When tow truck driver John L. Daniels Jr. pulled into a Southwest Los Angeles gas station Wednesday evening and spotted two Los Angeles police officers standing nearby, he hastily scribbled a note listing the name and phone number of his business partner, the station’s owner and an employee disclosed Friday.
They said he stepped out of his truck and handed one of them the message. “If something happens to me, call this number,” he told them.
A moment later, Daniels was dead, shot once--through the arm and into the chest--by one of the officers as he drove his tow truck away from the gas station.
Daniels, with a series of arrests, was well known to police. He maintained that officers had been harassing him since his father, John L. Daniels Sr., was fatally shot by Los Angeles police in 1985.
Joey Kim and Steve Chon recalled Friday that they were working at the Chevron station in the Hyde Park area when Daniels--as he did about three or four times a week--pulled up to the pumps. He bought some gas and, as he was about to leave, noticed the two LAPD motorcycle officers nearby, they said. After writing the name, phone number and message on the back of an envelope, he handed it to Kim, along with some other papers from the truck.
“He just said that, ‘if something happens to me, call this number and say what happened,’ ” Kim said. “He was nervous, and he was afraid something might go wrong. . . . It was almost like he was expecting something to happen.”
Chon, the owner of the station, said he wandered over to hear what Daniels was saying. “He was expecting some kind of trouble from the police,” Chon said. “He was expecting some kind of a problem.
“He mentioned something about some kind of a case that was not completed,” Chon said.
Kim said that a minute later, after Daniels was shot and killed, he looked at the envelope and recognized the name of Daniels’ partner, Ronnie Sims, who also frequented the station. Kim said he telephoned Sims, as Daniels had asked, and that Sims arrived at the scene within minutes.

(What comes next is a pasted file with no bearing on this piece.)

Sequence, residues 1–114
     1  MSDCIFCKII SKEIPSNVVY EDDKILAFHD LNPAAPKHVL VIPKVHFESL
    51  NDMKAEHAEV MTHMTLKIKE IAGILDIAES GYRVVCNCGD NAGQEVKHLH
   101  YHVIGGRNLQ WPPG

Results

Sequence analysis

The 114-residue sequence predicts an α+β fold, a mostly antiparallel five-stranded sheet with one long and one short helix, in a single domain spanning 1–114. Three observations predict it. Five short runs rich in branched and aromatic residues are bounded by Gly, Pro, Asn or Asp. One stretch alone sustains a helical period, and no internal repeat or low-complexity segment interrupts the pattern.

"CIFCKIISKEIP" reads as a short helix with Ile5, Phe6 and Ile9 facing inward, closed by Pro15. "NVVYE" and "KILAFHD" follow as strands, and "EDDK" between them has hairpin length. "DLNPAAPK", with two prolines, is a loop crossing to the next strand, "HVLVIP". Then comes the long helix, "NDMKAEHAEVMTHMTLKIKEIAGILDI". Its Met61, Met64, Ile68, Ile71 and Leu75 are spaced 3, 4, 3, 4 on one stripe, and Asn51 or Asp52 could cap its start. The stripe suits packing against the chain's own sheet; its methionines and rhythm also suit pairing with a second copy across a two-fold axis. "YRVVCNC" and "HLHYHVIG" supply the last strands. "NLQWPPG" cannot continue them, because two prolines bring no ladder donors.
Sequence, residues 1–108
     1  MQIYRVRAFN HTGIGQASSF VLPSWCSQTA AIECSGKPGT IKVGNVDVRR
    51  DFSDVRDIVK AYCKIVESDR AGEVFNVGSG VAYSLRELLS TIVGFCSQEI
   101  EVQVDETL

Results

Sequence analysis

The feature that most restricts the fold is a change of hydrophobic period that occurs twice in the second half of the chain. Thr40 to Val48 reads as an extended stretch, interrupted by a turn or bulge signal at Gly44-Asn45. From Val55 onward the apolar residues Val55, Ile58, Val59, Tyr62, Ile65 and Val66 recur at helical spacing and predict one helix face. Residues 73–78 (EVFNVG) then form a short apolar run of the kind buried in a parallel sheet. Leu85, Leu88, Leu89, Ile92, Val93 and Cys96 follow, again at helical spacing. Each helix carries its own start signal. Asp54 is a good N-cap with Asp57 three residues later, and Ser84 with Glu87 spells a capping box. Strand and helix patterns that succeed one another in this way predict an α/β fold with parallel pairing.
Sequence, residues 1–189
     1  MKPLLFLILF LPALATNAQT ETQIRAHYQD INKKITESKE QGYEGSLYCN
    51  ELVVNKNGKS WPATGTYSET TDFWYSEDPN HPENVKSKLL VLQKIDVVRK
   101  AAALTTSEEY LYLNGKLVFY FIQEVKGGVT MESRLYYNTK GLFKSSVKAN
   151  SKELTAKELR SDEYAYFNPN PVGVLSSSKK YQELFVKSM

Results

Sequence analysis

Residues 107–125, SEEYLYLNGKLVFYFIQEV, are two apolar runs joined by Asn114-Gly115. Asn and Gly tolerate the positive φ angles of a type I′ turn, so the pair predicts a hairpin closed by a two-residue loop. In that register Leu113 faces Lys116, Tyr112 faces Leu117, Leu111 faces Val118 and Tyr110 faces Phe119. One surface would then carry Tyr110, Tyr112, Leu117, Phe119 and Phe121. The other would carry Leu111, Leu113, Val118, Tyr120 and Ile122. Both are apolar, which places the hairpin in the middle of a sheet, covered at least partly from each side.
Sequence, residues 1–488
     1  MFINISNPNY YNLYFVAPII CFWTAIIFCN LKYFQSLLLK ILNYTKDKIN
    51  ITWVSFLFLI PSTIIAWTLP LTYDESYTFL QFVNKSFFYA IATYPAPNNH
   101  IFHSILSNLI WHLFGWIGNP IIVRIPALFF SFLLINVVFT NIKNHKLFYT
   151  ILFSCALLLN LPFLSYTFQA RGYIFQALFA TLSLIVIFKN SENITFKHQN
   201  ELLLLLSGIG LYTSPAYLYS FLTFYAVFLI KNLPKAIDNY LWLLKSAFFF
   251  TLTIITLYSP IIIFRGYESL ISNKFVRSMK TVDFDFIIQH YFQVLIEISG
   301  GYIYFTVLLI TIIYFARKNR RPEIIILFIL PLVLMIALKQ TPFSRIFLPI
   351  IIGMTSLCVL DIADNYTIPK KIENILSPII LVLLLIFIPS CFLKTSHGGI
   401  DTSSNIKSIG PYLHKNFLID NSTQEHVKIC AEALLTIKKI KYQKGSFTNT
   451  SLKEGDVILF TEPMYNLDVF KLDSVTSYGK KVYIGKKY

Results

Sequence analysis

Sims, Daniels’ brother-in-law, could not be reached for comment Friday.
In their account of the shooting, police said Daniels was shot by 15-year Officer Douglas Iversen when he refused to stop and began to pull away from the gas station. Iversen has maintained that he shot Daniels because he feared that the tow truck driver would run over pedestrians, investigators said.
Iversen, 42, who has been suspended without pay for a total of 100 days for three violations of departmental policy, has been placed on administrative leave until police complete their investigation, authorities said.
Daniels, 36, died of a gunshot wound to the chest, said Thomas Schwabe, a coroner’s investigator. A comparison of Daniels’ fingerprints to police fingerprint records shows that Daniels once used the alias John L. McLain.
Despite the officers’ account of what went on before the shooting, witnesses have told The Times that Daniels posed no threat to anyone when he was shot. And another witness said Friday that Daniels had not been acting recklessly.
Jackie Davis, 40, a Compton resident, said she was among several passengers on an RTD bus that had stopped in traffic about 6:20 p.m. at the heavily traveled intersection of Florence Avenue and Crenshaw Boulevard.
Davis said one police officer struggled with the tow truck driver for about 15 seconds, trying to yank the man from the open door of the truck’s cab as it rolled, stopping and starting, as Daniels attempted to exit the station.
“This guy’s hands were locked on the steering wheel, and the officer just couldn’t pry him from the steering wheel,” Davis said. “Obviously, this guy was trying to get away. Then the officer stepped back, went into a stance, and shot him. . . . This officer shot him point-blank--maybe (from) three feet.”